The Sultanate is chock-full of tourist potentials that constitute an important asset to the national economy. One of these important tourist destinations is Wadi Bani Kharus in the Wilayat of Al Awabi, the Governorate of South Al Batinah.
Wadi Bani Kharus can be considered one of the more famous valleys in the region that bears witness to ancient Omani history, alongside a plethora of flora, and a dose of agricultural crops to pepper the otherwise brown lands with greenery.
Couple that with fauna to match, aflaj, mysterious rock formations, and archaeological inscriptions on stones and old houses, and the wadi quickly becomes an indispensable cultural hotspot in the Sultanate.
Also playing the role of a life giver in the region, the wadi has been key to irrigation in villages and orchards along the valley for centuries.
Located some 140-kms from the Governorate of Muscat, and linked by paved roads for most parts of your journey, the wadi can still be an escape for those looking for a quick weekend R&R.
Visitors to the region can begin their journey at the Al Awabi fort in a trip that will take them back in time as they traverse historic villages, agricultural lands, and the famous Safun valley.
Once there, you can partake in trekking, hiking or a night of camping under the starry skies that span above the vast horizon. For most parts of the year, the wadi stays alive with crystal-clear water; all flowing from the mountains of Al Jabal Al Akhdar.
It’s a tranquil setting in comparison with the bustling cityscape of Muscat.
Those looking to chase down adventure can try their hand at trekking up to the village of Al-Sujara in Al Jabal Al Akhdar, which is a four-hour-long trek through the rocky mountains of the A’Dakhiliyah region. The Ma’awal Cave is also must-visit for the daring.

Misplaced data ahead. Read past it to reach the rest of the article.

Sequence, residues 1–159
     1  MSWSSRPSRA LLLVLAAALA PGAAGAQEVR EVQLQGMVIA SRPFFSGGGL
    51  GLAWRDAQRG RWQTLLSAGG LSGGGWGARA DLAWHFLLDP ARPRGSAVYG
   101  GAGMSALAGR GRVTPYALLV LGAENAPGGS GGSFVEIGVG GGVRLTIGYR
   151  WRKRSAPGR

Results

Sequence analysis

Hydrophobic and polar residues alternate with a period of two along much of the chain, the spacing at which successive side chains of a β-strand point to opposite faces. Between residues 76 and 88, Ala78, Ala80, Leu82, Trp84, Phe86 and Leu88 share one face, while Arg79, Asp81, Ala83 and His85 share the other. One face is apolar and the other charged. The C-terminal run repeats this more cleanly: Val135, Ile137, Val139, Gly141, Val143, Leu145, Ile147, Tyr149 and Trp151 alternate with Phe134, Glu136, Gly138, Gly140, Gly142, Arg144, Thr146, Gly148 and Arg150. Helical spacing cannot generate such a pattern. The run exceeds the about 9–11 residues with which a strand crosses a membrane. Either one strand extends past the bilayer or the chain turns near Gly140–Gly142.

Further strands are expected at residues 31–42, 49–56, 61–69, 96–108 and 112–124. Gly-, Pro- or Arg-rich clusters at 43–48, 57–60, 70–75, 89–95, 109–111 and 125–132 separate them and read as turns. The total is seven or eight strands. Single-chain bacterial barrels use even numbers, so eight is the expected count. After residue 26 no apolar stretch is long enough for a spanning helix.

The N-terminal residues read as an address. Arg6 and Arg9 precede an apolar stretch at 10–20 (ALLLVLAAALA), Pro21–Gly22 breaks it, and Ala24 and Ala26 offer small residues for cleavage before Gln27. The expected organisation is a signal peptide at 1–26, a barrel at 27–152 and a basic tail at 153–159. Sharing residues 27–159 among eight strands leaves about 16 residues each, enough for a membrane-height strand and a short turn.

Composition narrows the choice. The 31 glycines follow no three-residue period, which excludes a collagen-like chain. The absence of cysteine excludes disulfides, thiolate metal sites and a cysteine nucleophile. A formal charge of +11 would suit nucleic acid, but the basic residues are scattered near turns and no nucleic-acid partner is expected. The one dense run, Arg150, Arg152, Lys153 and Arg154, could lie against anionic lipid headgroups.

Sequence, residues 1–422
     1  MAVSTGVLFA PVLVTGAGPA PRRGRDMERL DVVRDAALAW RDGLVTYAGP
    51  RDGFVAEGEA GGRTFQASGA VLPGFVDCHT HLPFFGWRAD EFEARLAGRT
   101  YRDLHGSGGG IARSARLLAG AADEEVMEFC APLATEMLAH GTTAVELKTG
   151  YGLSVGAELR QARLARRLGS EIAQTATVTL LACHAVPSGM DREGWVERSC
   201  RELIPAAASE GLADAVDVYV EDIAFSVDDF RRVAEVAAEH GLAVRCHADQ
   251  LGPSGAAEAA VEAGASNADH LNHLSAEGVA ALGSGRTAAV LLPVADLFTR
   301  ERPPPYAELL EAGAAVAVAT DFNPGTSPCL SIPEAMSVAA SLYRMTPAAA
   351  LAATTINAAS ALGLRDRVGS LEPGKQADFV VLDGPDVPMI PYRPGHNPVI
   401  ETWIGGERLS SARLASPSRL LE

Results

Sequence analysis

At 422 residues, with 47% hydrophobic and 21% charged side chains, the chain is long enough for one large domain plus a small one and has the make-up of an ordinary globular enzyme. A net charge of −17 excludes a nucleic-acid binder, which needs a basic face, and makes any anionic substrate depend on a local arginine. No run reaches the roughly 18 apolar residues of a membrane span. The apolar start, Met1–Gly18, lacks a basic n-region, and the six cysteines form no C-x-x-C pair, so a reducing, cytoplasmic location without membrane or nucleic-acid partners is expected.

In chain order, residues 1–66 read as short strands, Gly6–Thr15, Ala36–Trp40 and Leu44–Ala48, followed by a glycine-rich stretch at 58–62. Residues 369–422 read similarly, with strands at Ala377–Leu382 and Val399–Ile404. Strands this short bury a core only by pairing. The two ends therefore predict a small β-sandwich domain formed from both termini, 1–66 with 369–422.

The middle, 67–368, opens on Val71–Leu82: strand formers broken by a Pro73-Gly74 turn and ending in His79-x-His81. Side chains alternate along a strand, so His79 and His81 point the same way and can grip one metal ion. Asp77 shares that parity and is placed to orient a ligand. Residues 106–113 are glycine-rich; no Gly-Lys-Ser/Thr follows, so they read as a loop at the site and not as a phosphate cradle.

If soul-searching is what you’re after, you could take a trip to the Areesh Al-Hail mosque; though, it must be noted that mosques remain closed as a response to the Supreme Committee’s efforts to curb the Coronavirus.
However, you can safely interact with locals in the area who can share insights on how the region gained importance for its assistance in the formation of the deep-rooted Omani culture that we see and experience today.
History books have recorded news of imams, scholars, poets, writers and various events of this Wilayat and its famous valley through the formative years of the region, so, those visiting the wadi are advised to respect the sentiments of its residents.
But the multi-faceted locale still serves up a dollop of adventure to the daring while keeping its culture close to its heart, enough to have our thoughts wandering in awe through the best that nature and civilization have to offer.
*This article was originally published by ONA but has since been edited for clarity.